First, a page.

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Getting There…
Tuesday, September 01, 2009

            My overall fitness grand redesign is falling into place, though slowly. Last night I went to Core Conditioning and found out it was not yoga, but full on aerobics. I was nearly dead, but then we changed the intensity after the first hour and it moved into some stretching-yoga type activity. I can probably keep doing it although I was completely dead afterwards. There were several lovely ladies in this class too as well as the teacher, but I doubt I attracted any of them with my blobbish girth in the background.

            During the day before the death class was the 58th Annual Koriyama Oratorical Elimination Contest for His Imperial Highness Prince Takamado’s Trophy. In English we call that the English Speech Contest. One of my girls got 2nd place in recitation and she deserved it. Everyone feels like their students should win, but I was more realistic about it. I had four students participating from 2 schools and would have been happy if they all won, but realistically I only had hopes for 1. The other three were average on their performances and I didn’t expect them to win, but the one that did get 2nd was a little above average. I would have been really mad if she didn’t get somewhere in the top 8. I wasn’t expecting her to win since the private Catholic school was participating and they always blow away the competition, but I was hoping she would get the top 8. Second place is just a bonus really.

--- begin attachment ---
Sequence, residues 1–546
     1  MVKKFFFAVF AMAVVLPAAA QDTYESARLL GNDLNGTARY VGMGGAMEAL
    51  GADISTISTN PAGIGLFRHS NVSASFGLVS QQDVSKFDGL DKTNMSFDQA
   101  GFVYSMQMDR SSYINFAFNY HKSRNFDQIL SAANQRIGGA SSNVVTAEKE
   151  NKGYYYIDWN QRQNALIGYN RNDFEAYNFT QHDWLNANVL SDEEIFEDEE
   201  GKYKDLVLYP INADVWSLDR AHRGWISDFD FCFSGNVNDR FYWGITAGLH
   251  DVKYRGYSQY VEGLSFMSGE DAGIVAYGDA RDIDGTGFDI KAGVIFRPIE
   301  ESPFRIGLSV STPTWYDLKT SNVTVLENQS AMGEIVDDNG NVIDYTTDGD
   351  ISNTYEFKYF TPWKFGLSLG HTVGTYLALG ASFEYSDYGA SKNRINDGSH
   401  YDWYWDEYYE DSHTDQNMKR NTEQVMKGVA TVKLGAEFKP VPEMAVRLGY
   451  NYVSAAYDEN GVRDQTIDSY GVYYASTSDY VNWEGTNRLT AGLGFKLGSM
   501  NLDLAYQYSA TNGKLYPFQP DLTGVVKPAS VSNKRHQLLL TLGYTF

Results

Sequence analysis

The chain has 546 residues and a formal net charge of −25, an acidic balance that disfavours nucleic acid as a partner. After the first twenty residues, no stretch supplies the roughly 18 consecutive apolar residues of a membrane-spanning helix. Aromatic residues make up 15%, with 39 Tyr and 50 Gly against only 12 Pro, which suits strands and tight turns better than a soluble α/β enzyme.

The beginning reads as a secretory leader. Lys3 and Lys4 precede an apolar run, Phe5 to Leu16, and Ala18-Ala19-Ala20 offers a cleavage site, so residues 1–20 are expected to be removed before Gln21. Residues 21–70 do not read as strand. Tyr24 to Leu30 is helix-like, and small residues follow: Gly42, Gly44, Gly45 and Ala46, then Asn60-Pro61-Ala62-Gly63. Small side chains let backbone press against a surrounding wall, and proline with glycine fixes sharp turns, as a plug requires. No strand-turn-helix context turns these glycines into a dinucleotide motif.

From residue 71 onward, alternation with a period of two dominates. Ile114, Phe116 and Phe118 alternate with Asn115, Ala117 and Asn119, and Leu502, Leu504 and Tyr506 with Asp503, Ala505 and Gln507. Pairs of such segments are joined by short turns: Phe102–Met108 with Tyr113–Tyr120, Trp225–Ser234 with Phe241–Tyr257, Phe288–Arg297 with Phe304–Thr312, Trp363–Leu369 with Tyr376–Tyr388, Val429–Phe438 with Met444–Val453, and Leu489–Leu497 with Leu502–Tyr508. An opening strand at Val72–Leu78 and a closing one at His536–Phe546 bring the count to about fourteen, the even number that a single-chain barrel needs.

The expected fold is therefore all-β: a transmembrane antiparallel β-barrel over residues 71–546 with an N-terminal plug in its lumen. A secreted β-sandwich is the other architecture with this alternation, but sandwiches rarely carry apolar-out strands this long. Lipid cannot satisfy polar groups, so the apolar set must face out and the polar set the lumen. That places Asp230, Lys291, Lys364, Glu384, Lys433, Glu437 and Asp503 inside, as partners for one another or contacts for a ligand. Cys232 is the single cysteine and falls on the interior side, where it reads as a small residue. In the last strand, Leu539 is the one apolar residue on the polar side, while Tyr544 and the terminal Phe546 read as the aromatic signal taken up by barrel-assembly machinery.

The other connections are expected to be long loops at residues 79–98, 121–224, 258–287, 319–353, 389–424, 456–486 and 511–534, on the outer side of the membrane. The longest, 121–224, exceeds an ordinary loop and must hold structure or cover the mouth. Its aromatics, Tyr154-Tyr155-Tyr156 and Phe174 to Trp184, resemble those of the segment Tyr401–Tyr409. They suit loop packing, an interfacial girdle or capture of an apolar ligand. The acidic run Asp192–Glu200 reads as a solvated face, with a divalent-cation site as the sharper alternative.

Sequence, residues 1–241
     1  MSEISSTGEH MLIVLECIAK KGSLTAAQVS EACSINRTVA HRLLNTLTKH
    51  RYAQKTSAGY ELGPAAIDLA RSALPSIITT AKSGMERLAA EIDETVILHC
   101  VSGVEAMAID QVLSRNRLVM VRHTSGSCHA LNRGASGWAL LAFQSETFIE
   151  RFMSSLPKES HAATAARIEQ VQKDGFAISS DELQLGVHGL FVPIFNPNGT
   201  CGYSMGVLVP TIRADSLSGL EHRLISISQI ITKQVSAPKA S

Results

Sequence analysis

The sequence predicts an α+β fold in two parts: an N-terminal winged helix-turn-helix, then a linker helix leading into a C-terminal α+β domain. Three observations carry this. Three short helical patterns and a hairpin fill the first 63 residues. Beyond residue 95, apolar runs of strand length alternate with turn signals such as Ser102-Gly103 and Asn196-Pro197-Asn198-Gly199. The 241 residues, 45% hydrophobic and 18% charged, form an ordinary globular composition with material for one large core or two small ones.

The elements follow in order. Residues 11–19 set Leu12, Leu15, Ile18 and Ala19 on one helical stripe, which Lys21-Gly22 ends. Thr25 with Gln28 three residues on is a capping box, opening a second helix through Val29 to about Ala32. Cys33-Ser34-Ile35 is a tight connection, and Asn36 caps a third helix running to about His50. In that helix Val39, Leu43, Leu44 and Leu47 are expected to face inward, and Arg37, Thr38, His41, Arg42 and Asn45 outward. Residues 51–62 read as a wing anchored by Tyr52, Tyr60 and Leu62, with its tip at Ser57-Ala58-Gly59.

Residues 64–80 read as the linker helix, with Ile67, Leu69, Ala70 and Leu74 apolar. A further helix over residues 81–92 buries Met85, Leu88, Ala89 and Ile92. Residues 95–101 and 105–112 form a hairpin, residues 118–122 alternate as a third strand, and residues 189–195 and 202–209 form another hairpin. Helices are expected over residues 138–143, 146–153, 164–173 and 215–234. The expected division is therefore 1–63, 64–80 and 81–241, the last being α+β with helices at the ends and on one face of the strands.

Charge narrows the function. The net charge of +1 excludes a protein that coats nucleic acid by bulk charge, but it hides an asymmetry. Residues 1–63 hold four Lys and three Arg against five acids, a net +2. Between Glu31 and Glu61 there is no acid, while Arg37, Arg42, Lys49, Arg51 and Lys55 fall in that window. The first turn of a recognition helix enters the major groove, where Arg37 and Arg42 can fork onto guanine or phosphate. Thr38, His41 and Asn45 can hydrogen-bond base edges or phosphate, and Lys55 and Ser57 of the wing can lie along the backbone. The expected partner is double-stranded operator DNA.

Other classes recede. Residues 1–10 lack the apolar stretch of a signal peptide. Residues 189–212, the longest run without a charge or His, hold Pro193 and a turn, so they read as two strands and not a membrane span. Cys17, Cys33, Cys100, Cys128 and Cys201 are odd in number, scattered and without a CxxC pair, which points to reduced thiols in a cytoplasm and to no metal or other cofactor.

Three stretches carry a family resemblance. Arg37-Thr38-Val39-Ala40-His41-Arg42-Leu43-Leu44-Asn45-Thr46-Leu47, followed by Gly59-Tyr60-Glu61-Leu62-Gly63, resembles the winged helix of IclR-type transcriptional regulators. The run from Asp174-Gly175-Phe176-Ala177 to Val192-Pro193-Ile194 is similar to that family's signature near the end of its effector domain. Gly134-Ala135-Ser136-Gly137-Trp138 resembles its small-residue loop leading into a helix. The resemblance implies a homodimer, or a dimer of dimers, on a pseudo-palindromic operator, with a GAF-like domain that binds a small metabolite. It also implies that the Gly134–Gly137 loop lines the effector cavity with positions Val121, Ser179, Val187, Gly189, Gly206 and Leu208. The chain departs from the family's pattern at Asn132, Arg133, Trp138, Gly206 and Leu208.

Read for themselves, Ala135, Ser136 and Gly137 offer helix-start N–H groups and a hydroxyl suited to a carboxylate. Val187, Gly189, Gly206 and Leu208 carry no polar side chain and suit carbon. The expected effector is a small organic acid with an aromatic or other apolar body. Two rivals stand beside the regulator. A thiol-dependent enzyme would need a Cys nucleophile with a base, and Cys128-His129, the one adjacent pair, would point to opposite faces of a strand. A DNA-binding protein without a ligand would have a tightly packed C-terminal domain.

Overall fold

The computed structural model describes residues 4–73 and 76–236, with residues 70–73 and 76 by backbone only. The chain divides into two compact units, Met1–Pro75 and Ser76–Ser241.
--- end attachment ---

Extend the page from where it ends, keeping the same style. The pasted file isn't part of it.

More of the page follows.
Speaking of the private Catholic school, I actually don’t think they should be able to participate since they are private. In one sense I wish the city would copy their model for teaching English, but at the same time it’s slightly unfair. They are private and have a waiting list for kids to enter which means if someone is a jackass in class they can be kicked out and someone else can enter. In public schools we can’t even kick someone out of class much less out of the school. The girl that won the origination (original speech) contest was Chinese which is also unfair. Granted she’s not from an English speaking country, but still it’s unfair.

            Honestly the whole thing is a bit skewed to me the way they do it. I don’t know how these are judged, but one thing they should do is have students show up in white shirts and black/blue pants or skirts and not use names or school names. That way there would be less bias in judging. When I judged some contests back when I was a JET the other judges would bring in totally irrelevant things like “well her father is a local dentist who just started a new branch and it would be nice for her to win”…..or “well that school won last year so they shouldn’t win this year”. It was simply the dumbest judging I had every taken part in. I can’t imagine this group would be like that since the chief judge is a foreigner and another judge is as well. I really think there should be either all or 4/5ths foreign judges since it is an English contest. If there were a Japanese speaking contest I would expect all Japanese judges.

Stupid American T-shirt and custom Thai-made short sleeve shirt. At least they are both white.

Staying Busy.
Friday, September 04, 2009

            I have core conditioning on Mondays, a possible English-Japanese exchange on Tuesdays, free time on Wednesdays, Japanese class on Thursdays, and Power Yoga on Friday. Last night, Thursday, I went to the first J-class and it was tough. Luckily everyone is around my level with one girl being really advanced. Last night we took a placement test for the class. There’s only going to be one class for people who already speak some Japanese, but the teacher wants to find the general ability of everyone. That’s fine, but what annoyed me were two things on the test.